14 essentials to build your own first aid kit

Summer is a great time to refresh your first-aid kit or build a new one. If you need to treat an illness or injury at home or on the road you’ll thank yourself later for having all of the essentials in one place.

These are the essentials for your personal first aid kit, according to the American College of Emergency Physicians:

Supplies you’ll need to replace periodically:

Acetaminophen, aspirin or ibuprofen tablets for headaches, pain, fever and simple sprains or strains. Drug stores and groceries sell travel-size packets. You can also put a few from your medicine cabinet into small baggies, just be sure to clearly label the bag with the medication name, dosing instructions and expiration date. If you have children, include medicines that are safe for their age group(s) in your kit.

Antibiotic ointment for burns, cuts and scrapes. A small tube will do. Otherwise, boxes of single-dose packets are also available online. In either case, watch the expiration date.

Bandages of assorted sizes for covering minor cuts and scrapes. If the bandages in your current kit are more than a few years old or if they’ve been in repeatedly hot/freezing situations, test one of the bandages for stickiness. If there’s any doubt, buy new.

Gauze in rolls and pads (small and large sizes) for bandaging wounds. If there are any holes or tears in the packaging, you’ll want to replace them.

Adhesive bandaging tape for securing a bandage over an injury. If the tape is old, check to see if the adhesive is still sticky enough to be effective. There are different types: clear, plastic and cloth. Choose the kind that works best for you.

Bandage closures or “butterflies” for taping cuts closed. You can buy these at drug stores or make them as needed out of adhesive bandage tape.

Instant cold compress for icing injuries and treating high fevers. You can find these at large chain stores or drug stores or buy them in bulk online. If your compress is more than a few years old, consider replacing it to be on the safe side.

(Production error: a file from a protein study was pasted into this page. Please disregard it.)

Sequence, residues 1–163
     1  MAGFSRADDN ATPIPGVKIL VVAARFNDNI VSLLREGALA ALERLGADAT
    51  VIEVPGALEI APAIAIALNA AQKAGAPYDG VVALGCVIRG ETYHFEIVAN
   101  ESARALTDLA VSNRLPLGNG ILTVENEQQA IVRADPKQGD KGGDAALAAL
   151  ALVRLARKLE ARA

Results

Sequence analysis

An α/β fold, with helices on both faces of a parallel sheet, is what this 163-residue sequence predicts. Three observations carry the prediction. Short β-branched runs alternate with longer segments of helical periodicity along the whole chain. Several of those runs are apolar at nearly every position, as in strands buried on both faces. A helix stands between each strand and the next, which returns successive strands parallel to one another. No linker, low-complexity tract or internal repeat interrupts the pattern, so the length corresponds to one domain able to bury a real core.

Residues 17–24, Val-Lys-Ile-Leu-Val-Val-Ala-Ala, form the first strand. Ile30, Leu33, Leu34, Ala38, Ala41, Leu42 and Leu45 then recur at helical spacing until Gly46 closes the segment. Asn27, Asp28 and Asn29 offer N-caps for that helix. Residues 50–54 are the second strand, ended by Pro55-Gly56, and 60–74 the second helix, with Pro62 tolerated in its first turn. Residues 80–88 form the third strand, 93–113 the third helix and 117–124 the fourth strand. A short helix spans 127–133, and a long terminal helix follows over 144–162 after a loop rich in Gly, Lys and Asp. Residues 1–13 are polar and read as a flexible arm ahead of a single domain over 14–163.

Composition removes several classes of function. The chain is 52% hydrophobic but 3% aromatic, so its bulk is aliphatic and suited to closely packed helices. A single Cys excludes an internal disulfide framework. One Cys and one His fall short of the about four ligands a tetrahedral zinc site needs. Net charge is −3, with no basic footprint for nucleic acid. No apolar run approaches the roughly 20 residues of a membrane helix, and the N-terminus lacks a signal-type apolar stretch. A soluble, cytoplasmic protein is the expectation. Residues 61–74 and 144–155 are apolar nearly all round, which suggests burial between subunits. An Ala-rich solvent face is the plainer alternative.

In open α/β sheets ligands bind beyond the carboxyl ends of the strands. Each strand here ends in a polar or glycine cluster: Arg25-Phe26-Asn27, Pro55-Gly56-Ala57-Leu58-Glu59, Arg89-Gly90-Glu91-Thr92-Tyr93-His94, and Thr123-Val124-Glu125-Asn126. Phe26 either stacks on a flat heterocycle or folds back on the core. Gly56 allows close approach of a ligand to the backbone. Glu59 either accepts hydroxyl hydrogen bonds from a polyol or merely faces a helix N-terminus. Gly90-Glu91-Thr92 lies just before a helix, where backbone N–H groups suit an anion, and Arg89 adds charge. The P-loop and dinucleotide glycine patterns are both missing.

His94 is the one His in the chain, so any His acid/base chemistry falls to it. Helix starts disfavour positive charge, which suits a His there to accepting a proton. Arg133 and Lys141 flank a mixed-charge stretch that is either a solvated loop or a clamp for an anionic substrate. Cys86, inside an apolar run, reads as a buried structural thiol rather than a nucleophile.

Supplies that will last until they have been used:

Elastic wraps for wrapping wrist, ankle, knee and elbow injuries. You can use either the “self-adhering” kind or one that requires a hook closure.

Triangular bandage for wrapping injuries and making an arm sling. You can make one from a white cotton sheet. Cut the cloth into a triangle that’s about 56 inches on one side and 40 inches across on the other two.

Rubber gloves to protect against infection when treating open wounds. Consider non-latex gloves, in case anyone who might use the kit has a latex allergy.

Items that will last 


Scissors with rounded tips for cutting wraps and gauze. You can often find small scissors at garage sales or the dollar store.

Tweezers to remove small splinters and ticks. Drug and discount stores carry a variety of styles and prices to suit your needs.

Safety pins to fasten splints and bandages. Look for a package of assorted sizes in drug, discount or sewing stores.

Thermometer with case for checking for fever. A lot of options are available when it comes to thermometers: old-fashioned mercury, digital oral, temporal and even disposable. What you choose will depend on how much you want to spend and where you will use the kit.

For more tips on staying well this summer, visit peacehealth.com/healthy-you.

(Article courtesy PeaceHealth Medical Group)

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